Serving the People: The Role of Public Space in Government Buildings

The public space is an area to relax and mix with the rest of the community.
Image source: Wikimedia Commons

Walking around any city center during lunch time on a nice summer day, you’ll see office workers liberated from cubicles and deadlines eating lunch in an open plaza of some kind. They’ll be spread out, lounging in small groups or by themselves, on benches, curbs, the bases of monuments, or even just the concrete ground. The more adventurous among them will be taking advantage of the opportunity to soak up the sun rather than fluorescent lights.

In a way, this is a curious and fairly recent development. Cities used to jealously hoard all available space, save for a few notable parks (Golden Gate, Central, Grant). Wide-open spaces were considered too valuable to be open to the public, where anyone could just hang out. But in the 60s and 70s, there was the realization that public spaces were important for the life of a city, and most big government buildings began to incorporate them as part of their footprint. In this age of shrinking budgets and security concerns, those spaces have also begun to shrink. However, it is important to protect public spaces and here are a few ways to do so.

The role of public spaces for public buildings

A public space or civic space is literally just that: a place where anyone can congregate. The idea of a “No Trespassing- Private Property” sign seems anathema. Spaces like these are where a city can hold a concert from the best public school choirs if they want, or set up a Christmas Marketplace. People can go there to protest and give speeches; they can pass out fliers and rally around a common goal. Families can set up picnics and watch the world go by. Such spaces are a vital part of a city’s public life.

A good civic space will have several things in common:

  • Accessibility. It makes no sense to have a public space somewhere that no one can easily reach. Are there sidewalks and buses? Is it handicapped accessible? Remember, this space should be accessible to all the public.
  • Comfort. You don’t need a public space to be littered with benches, but a completely flat concrete area is not very inviting. There should be places for people to sit, lean or lounge. Your space should be a destination for people weary from walking around. “I know there’s a place to sit on the next block!” It should encourage people to use it, and if you can incorporate grass, all the better.
  • Space to do things. This seems the most obvious, but while “World’s Smallest Park” could be a good joke, you owe it to your citizens to provide civic spaces large enough to host events where people won’t feel too crowded if they just want to sit down. It is easy to feel that public space is the first thing that has to go when the city begins to budget. However, there are other options.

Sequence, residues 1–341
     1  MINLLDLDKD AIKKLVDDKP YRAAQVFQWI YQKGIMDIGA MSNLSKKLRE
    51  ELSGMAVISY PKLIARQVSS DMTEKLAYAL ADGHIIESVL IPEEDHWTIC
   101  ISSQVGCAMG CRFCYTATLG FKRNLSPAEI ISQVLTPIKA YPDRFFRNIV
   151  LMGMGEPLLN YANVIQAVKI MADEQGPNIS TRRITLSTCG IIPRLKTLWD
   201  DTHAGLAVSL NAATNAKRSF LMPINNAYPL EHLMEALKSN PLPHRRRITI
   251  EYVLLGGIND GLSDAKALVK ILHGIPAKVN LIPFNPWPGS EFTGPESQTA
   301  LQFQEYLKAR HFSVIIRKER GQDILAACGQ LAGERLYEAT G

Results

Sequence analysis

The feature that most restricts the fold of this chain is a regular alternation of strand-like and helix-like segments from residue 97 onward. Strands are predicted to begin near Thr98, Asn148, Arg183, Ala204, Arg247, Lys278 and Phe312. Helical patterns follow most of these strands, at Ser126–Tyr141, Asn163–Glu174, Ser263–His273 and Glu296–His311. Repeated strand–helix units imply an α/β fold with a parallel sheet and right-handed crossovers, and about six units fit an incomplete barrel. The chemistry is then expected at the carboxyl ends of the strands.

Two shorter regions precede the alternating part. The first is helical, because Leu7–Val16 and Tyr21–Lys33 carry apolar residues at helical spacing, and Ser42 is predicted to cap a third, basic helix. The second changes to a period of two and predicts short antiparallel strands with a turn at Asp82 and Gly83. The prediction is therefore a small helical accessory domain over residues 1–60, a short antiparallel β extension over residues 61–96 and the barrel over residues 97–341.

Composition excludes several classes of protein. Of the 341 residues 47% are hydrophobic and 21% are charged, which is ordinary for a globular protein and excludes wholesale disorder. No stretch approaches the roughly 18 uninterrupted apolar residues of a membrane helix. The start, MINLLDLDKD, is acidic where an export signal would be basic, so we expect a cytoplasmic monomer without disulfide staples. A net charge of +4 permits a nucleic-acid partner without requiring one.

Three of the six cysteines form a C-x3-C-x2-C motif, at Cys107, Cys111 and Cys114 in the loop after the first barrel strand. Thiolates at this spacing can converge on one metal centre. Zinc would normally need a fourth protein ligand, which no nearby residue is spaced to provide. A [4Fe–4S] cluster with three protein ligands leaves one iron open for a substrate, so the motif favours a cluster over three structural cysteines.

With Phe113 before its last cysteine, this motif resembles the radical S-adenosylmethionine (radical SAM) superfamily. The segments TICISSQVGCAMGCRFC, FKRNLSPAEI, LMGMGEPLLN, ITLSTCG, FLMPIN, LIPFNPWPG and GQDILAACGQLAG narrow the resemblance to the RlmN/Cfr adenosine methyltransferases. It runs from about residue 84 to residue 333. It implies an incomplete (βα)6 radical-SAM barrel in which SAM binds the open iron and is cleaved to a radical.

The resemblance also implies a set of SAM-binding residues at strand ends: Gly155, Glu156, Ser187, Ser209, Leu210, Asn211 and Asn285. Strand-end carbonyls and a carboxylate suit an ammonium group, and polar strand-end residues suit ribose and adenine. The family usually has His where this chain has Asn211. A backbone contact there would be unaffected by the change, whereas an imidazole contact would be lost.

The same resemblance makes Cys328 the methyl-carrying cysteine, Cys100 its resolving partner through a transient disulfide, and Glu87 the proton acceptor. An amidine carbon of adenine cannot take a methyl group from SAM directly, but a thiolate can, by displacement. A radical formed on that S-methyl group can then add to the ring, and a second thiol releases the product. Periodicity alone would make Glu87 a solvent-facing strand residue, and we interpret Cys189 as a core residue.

Maximizing city real estate by public-private cooperation

We know that money is tight and that in the age of terrorism, having a wide-open space next to a government building doesn’t always seem safe. These are both valid concerns and while governments are selling off property and looking for new and cheaper spaces, there is a way to preserve budgets while helping to keep civic spaces alive.

The city of Seattle offers incentives for private developers to work with the government when building. In exchange for tax breaks and other incentives, private developers agree to incorporate public features, such as low-income housing or public restrooms. This also includes civic space.

When looking for new spaces for government offices, consider entering into a partnership with a private builder looking for space. The builder can make public space in private areas, opening it up to the people and serving the same role as an erstwhile government building. Obviously, this isn’t a trade; there needs to be legislation that approves this, but cities that are wondering how they can fulfill their obligations while maintaining budgets should look into such arrangements.

Another option is to have private companies sponsor and then maintain civic spaces. It’s good PR for them and it helps with the city budget. The trick is that they have to agree to keep it open and free. If it is sponsored by Soda Brand X, they can’t kick people out for drinking Y Cola.

There are options available to the smart government building planner. Tightening the belt on the budget doesn’t mean squeezing the life out of a city. It’s an investment. It makes a city nicer. It makes people want to live there. It is one of the main reasons the government exists. Careful real estate planning can help keep civic spaces open to all.

If you want to maintain civic spaces while still operating under a tight real estate budget, you don’t have to do it alone. You can get a thorough analysis of the market with all the available options from a consultant whose community values align with your own. Contact DCG Real Estate today to learn more.